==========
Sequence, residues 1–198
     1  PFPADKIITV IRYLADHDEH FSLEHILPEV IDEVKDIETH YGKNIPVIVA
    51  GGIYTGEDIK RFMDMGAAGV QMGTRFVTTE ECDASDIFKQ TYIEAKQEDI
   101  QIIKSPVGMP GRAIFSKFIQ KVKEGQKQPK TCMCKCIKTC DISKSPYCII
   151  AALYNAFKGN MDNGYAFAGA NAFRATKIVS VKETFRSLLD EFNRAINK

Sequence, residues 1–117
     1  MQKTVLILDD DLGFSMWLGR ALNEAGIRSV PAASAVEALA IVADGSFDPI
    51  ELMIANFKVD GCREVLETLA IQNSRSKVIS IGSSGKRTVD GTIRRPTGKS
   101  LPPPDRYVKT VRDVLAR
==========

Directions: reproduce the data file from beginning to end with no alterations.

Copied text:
Sequence, residues 1–198
     1  PFPADKIITV IRYLADHDEH FSLEHILPEV IDEVKDIETH YGKNIPVIVA
    51  GGIYTGEDIK RFMDMGAAGV QMGTRFVTTE ECDASDIFKQ TYIEAKQEDI
   101  QIIKSPVGMP GRAIFSKFIQ KVKEGQKQPK TCMCKCIKTC DISKSPYCII
   151  AALYNAFKGN MDNGYAFAGA NAFRATKIVS VKETFRSLLD EFNRAINK

Sequence, residues 1–117
     1  MQKTVLILDD DLGFSMWLGR ALNEAGIRSV PAASAVEALA IVADGSFDPI
    51  ELMIANFKVD GCREVLETLA IQNSRSKVIS IGSSGKRTVD GTIRRPTGKS
   101  LPPPDRYVKT VRDVLAR